Letters Campaign a new low for politics


Campaign a new

low for politics

Who would have thought that a U.S. presidential election could be so divisive? We have been subjected to the worst both parties have thrown at each other. Personal attacks and sordid accusations have been the norm since Day One. Certainly, past campaigns occasionally took the low road, but nothing like what we see today.

Maybe it’s time for the electorate to let all candidates know we’ve had enough name-calling, character assassination and innuendo.

Let us return to respectability and decency in all of our elections.

DARRYL HARRIS, LAKE WORTH

Can’t abide either?

It’s OK to skip it

Why do so many feel a civic obligation to vote for one of those train wrecks we have running for president? I don’t. I will vote on Nov. 8 for the Senate, House of Representatives, state and local government.

This campaign is agonizing and the pain will continue long after Hillary Clinton wins. Donald Trump will Monday-morning quarterback on Clinton’s every move during her presidency.

It’s a shame that none of Trump’s family members or associates has enough character to tell him what a buffoon he is.

THOMAS DUDEK, BOYNTON BEACH

Editor’s note: Voters may undervote if that is their choice. Unlike an overvote, in which a voter chooses too many candidates in a given race, the undervoted ballot, in which voters indicate no choice in some races, will not be thrown out.

Friedman cops out;

both sides need fix

In Thomas Friedman’s “Election offers slender hope for effective government” (Wednesday), I thought he was finally getting it right.

How true that our election is offering a national reality show on an international stage with scandals erupting in both parties on a daily basis as if each candidate is trying to outdo each other with self-destructive behaviors.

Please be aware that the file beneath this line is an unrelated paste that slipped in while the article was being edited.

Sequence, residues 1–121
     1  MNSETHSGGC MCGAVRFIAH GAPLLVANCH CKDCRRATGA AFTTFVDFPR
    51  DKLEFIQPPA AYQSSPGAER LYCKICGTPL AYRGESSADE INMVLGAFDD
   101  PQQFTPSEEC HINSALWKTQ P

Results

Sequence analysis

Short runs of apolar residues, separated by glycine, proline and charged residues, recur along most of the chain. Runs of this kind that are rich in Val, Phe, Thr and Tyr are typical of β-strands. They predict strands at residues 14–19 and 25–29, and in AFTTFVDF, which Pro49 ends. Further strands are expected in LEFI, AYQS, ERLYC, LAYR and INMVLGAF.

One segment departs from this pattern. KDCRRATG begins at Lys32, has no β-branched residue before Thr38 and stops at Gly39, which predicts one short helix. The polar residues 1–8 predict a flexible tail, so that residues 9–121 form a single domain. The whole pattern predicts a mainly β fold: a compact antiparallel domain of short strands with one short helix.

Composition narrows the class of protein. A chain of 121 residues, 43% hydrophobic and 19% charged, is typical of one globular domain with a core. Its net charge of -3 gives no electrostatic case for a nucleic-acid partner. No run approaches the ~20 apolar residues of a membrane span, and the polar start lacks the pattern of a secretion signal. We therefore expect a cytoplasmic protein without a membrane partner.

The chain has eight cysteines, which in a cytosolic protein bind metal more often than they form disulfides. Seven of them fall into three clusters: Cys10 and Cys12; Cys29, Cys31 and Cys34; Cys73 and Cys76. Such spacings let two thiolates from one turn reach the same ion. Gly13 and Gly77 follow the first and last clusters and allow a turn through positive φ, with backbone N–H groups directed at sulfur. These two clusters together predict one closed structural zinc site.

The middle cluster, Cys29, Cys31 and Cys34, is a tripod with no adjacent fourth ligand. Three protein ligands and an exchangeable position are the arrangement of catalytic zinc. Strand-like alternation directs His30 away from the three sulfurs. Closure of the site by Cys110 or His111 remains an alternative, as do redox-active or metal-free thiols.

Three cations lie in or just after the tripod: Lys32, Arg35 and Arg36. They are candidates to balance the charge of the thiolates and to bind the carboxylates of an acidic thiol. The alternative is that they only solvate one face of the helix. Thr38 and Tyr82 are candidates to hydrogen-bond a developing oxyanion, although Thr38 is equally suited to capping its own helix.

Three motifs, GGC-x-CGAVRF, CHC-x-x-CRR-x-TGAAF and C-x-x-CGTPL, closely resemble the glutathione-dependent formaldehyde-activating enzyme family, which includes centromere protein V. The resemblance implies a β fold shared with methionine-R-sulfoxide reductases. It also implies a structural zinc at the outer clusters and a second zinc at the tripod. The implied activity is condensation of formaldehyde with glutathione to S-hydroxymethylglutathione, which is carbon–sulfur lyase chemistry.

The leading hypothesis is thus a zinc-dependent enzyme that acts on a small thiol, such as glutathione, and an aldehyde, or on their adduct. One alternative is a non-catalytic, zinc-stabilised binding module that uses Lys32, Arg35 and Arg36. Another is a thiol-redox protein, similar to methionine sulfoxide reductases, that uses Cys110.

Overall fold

But then to suggest only that the Republican Party has to regroup and offer to scrub the current Republican candidate as a solution is merely one-sided. Electing Hillary as the solution to this bizarre election fracas is a farce.

Both parties and both candidates are pathetic offerings of what this proud nation has to offer. Clearly, both sides need fixing.

SARA KLOMPUS, LAKE WORTH

Patriotism means

showing up at polls

I saw some Donald Trump supporters who were interviewed or shown making a statement at a Mike Pence rally talking about a revolution if Hillary Clinton is elected president of the United States.

This is not the revolution Bernie Sanders talked about taking place at the ballot box. No, this was more of an implicit threat to violence. This is fueled by Trump who either does not understand how our democracy works or has decided to ignore what took place 240 years ago.

The conservative side of the Republican Party has waved the flag and Constitution, claiming to be more patriotic than Democrats for as long as I can remember. Now is the time to show that they really understand the Constitution and reject any hint of violence.

It is time for them to go to the polls and vote to get their candidate elected. That is what true patriotism will look like.

LAWRENCE LEVITT, WELLINGTON


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